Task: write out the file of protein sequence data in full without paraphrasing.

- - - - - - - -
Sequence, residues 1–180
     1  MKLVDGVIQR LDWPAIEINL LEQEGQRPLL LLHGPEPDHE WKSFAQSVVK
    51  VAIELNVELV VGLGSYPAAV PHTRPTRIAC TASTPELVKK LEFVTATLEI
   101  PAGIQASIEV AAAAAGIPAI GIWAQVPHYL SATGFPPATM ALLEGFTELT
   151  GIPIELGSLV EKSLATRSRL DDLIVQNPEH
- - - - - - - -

Sequence, residues 1–180
     1  MKLVDGVIQR LDWPAIEINL LEQEGQRPLL LLHGPEPDHE WKSFAQSVVK
    51  VAIELNVELV VGLGSYPAAV PHTRPTRIAC TASTPELVKK LEFVTATLEI
   101  PAGIQASIEV AAAAAGIPAI GIWAQVPHYL SATGFPPATM ALLEGFTELT
   151  GIPIELGSLV EKSLATRSRL DDLIVQNPEH